October 22, 2015

Return from expatriation

International Mobility

The taboo of culture shock in your own country!

Return from expatriation

To echo the “tribulations of an expatriate woman in Brazil”, Monique Cumin talks about her return from expatriation and talks about the taboo of culture shock in her own country. Flashback to 2009: after 10 years spent in 3 countries (United Kingdom, Thailand and Czech Republic), Monique decides to accept a professional opportunity which allows her to return to France.

A return under the best auspices

On paper, this return promises to be under the best auspices: my partner and I both have a good job in Paris; in my case, it is even a great promotion. Our three children are delighted to finally be able to discover their own country, while continuing to study in English in an international school. We quickly found the house of our dreams, a stone's throw from the school. We are excited to reconnect with friends and former colleagues lost over the years. What more could you wish for ?

As soon as I return, my friends ask me THE question: “So, how does it feel to return to France after all these years spent abroad?”” I am almost surprised by this question. After all, we are in our own country, where we master the language and codes, why would it be difficult to readjust there, especially in the almost perfect conditions of our return?

The first months pass. I reconnect with the pleasure of buying my daily baguette, I rave about the choice and quality of fruits and vegetables at the market. We rediscover the pleasure of wandering around Paris, one of the most beautiful cities in the world. I am investing myself in my new job, which is a job creation whose scope must be defined. Without knowing it, I am fully experiencing the euphoric phase of culture shock.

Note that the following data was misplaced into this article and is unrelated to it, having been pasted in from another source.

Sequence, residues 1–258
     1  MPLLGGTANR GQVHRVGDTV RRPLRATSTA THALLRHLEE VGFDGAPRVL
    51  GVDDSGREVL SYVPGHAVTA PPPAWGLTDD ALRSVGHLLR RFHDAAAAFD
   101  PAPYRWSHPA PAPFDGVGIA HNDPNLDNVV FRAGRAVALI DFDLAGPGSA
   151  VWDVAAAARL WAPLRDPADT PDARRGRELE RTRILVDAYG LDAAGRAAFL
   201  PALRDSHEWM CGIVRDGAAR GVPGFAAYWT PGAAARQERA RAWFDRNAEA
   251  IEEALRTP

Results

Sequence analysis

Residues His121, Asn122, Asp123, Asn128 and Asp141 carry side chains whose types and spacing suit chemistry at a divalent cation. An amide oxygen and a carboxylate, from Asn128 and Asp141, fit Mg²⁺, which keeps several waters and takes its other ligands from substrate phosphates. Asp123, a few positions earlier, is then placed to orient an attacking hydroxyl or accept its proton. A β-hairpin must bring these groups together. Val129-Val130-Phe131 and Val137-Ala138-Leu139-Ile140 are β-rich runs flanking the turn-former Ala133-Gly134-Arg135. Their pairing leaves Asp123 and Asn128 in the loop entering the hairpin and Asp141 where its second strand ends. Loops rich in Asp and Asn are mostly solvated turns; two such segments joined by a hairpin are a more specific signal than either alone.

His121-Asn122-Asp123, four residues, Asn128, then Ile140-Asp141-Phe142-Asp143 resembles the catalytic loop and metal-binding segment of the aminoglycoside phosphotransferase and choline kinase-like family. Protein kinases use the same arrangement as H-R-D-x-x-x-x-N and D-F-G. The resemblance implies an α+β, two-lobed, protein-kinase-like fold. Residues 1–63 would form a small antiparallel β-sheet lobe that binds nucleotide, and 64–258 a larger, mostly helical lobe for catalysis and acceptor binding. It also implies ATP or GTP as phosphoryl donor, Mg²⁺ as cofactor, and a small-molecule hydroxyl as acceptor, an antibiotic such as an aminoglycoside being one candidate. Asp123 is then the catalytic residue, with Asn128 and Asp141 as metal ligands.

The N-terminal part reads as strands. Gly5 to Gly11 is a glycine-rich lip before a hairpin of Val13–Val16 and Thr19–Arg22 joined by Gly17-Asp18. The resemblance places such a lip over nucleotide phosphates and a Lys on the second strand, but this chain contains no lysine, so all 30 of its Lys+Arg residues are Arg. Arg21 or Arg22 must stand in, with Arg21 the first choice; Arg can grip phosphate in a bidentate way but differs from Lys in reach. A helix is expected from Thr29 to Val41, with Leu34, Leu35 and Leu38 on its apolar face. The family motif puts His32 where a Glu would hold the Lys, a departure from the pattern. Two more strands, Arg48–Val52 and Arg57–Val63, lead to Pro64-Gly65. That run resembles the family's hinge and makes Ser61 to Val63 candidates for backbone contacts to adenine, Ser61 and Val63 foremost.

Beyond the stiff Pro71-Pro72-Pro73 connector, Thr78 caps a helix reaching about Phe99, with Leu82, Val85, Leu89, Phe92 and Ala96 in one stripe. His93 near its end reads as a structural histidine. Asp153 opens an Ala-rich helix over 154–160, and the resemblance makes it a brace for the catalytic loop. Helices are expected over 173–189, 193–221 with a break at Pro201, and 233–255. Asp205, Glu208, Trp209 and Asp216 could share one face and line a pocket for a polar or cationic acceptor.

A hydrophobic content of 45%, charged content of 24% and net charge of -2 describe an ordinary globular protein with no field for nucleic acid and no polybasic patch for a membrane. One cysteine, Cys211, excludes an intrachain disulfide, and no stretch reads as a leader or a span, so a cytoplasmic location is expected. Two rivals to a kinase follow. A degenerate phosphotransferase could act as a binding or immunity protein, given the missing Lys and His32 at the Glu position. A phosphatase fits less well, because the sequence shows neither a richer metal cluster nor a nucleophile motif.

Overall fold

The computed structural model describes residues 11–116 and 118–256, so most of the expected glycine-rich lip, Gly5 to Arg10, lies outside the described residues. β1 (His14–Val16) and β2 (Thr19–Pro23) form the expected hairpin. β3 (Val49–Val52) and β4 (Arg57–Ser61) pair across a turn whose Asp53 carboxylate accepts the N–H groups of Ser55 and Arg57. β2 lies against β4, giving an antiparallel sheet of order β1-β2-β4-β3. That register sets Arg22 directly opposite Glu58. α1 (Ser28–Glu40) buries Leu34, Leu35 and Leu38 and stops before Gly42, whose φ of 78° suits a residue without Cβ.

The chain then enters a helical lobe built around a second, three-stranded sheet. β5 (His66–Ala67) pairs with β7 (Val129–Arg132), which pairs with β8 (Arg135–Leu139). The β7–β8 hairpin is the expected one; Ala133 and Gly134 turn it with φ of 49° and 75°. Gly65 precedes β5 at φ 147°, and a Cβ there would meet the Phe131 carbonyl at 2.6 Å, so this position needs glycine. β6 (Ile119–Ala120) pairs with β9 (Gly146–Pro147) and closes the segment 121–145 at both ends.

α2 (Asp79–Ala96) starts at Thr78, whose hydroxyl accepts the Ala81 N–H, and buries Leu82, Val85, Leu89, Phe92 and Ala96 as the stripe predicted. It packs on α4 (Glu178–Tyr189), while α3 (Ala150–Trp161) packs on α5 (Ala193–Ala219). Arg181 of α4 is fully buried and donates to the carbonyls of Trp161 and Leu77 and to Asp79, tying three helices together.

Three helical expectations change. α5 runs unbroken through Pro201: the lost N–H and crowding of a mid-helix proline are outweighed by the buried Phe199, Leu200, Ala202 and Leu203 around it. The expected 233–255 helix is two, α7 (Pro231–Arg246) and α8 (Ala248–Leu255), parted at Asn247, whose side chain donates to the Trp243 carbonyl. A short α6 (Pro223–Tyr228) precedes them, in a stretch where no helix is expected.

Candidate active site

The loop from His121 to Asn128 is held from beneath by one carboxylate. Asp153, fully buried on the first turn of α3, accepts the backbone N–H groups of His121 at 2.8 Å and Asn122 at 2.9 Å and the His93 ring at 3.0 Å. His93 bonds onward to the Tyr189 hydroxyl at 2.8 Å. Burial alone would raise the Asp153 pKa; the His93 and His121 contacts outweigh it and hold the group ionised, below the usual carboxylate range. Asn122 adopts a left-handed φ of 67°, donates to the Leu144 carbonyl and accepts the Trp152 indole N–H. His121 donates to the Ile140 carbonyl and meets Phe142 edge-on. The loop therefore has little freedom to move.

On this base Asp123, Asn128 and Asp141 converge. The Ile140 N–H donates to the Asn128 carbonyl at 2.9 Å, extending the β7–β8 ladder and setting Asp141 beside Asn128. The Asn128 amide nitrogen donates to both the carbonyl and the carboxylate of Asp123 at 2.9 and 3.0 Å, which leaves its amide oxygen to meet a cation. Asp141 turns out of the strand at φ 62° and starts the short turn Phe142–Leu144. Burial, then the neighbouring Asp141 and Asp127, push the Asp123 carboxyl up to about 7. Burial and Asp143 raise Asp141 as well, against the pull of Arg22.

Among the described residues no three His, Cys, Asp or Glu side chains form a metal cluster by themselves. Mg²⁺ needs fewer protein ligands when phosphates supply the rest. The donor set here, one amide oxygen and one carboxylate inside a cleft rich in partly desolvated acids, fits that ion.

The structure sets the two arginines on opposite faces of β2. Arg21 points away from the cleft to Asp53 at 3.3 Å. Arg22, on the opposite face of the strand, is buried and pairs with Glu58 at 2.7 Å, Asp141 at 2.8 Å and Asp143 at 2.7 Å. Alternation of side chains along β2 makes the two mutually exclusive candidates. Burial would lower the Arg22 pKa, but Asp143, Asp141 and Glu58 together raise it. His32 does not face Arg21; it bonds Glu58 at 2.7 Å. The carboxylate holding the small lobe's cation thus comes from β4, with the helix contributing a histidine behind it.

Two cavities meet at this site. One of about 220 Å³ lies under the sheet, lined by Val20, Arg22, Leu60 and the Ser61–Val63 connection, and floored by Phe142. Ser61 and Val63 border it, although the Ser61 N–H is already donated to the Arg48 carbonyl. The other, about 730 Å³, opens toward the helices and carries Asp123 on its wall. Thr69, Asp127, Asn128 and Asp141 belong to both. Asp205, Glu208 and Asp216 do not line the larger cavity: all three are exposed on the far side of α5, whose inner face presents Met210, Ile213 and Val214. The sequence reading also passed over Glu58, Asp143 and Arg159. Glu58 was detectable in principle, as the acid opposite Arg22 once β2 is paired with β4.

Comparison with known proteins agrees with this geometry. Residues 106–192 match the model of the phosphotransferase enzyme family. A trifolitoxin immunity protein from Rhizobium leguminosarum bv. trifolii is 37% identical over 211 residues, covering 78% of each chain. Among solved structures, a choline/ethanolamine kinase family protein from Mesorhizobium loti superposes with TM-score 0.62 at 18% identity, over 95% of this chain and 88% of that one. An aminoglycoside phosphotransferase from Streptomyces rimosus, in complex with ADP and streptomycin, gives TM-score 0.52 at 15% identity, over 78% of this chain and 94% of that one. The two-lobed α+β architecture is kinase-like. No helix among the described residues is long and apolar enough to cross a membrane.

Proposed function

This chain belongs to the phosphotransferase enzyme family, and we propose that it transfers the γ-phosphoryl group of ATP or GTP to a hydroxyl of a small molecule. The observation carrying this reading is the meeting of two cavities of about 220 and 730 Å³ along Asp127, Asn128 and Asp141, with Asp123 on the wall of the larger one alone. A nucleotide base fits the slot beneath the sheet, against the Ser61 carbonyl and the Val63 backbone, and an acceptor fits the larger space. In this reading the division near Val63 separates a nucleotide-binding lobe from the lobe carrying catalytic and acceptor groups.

A reverse culture shock

Then reality catches up with me: a sort of diffuse feeling of not being in my place. A feeling of incomprehension regarding the reactions of some of my French colleagues. A frustration of feeling that my previous experience is not really valued. This is what we call reverse culture shock, the one that can be felt when you return to your own country.

The feeling of being a foreigner in my own country. I no longer know how to fill out a tax form (expatriation makes the declaration more complex), it is true; I no longer understand anything about French politics: it's a bit as if I had gone from season 3 to season 8 of my favorite series. New characters have appeared, others no longer exist; I missed 10 years of French song, films and TV presenters. My children speak adult French and do not know the typical expressions of teenagers. As for me, I can no longer speak French with my colleagues in business discussions; my frenglish surprises them every day.

The difficulty in communicating what I experienced. How can you summarize 10 years of your life in 3 very different countries, a tsunami, a coup d'état and many other adventures? Where to start ? But actually, are the people who interview me really interested in all my stories?

A shift in ways of working

A cultural gap in the ways of working: I rediscover with new eyes the endless meetings that start at 6 p.m., to the defiance of those who have family obligations. People who take 4 weeks of vacation in a row in August while leaving international projects behind. The months of May when bridges and RTTs paralyze business. Pay slips illegible and incomprehensible. The armada of interns. The leaders who are always right and who must decide everything. 500-page analyzes to…confirm the current strategy.

The impression that professional experience in emerging countries is not really valued. Best practices from emerging countries are often treated with little consideration by my French colleagues. It seems unthinkable to them that we could replicate in France an idea that worked well in Brazil, China or Tunisia. Likewise, the CVs of employees who have spent several years in emerging countries are often considered less attractive than those from developed countries. Prejudices still die hard.

Why neglect the return?

Here are some symptoms of return culture shock. In my case, this discomfort was relatively temporary and my adaptation skills allowed me to get through it after a few months. But for many, the situation is not so idyllic. In the event of prolonged difficulties, it is desirable to offer former expatriates space to speak in order to take a step back from their experience and better absorb this shock. However, support for expatriates in multinationals is most often focused 100% on the “before” (intercultural training, language courses), and very rarely on the “after” (return management). Something for HR to think about!

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